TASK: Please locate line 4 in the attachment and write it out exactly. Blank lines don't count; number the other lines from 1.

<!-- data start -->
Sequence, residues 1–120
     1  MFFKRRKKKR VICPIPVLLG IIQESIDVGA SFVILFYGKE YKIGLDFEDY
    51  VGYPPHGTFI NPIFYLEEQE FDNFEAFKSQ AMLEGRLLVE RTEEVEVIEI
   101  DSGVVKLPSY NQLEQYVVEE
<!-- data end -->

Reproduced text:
   101  DSGVVKLPSY NQLEQYVVEE